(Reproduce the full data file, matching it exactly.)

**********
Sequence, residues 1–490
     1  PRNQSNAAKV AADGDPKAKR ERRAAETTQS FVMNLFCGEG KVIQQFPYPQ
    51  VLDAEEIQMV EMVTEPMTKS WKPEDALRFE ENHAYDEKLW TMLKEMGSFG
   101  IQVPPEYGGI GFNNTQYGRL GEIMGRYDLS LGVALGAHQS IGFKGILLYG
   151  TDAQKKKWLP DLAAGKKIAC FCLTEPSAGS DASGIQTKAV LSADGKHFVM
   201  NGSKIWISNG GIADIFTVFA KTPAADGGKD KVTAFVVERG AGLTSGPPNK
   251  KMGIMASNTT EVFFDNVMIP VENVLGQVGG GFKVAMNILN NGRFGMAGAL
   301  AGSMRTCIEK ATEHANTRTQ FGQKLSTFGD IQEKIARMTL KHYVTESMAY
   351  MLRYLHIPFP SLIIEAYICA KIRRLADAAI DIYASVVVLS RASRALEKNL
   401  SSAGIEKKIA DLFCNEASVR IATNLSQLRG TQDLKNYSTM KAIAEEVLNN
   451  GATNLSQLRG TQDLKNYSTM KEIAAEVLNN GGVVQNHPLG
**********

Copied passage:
Sequence, residues 1–490
     1  PRNQSNAAKV AADGDPKAKR ERRAAETTQS FVMNLFCGEG KVIQQFPYPQ
    51  VLDAEEIQMV EMVTEPMTKS WKPEDALRFE ENHAYDEKLW TMLKEMGSFG
   101  IQVPPEYGGI GFNNTQYGRL GEIMGRYDLS LGVALGAHQS IGFKGILLYG
   151  TDAQKKKWLP DLAAGKKIAC FCLTEPSAGS DASGIQTKAV LSADGKHFVM
   201  NGSKIWISNG GIADIFTVFA KTPAADGGKD KVTAFVVERG AGLTSGPPNK
   251  KMGIMASNTT EVFFDNVMIP VENVLGQVGG GFKVAMNILN NGRFGMAGAL
   301  AGSMRTCIEK ATEHANTRTQ FGQKLSTFGD IQEKIARMTL KHYVTESMAY
   351  MLRYLHIPFP SLIIEAYICA KIRRLADAAI DIYASVVVLS RASRALEKNL
   401  SSAGIEKKIA DLFCNEASVR IATNLSQLRG TQDLKNYSTM KAIAEEVLNN
   451  GATNLSQLRG TQDLKNYSTM KEIAAEVLNN GGVVQNHPLG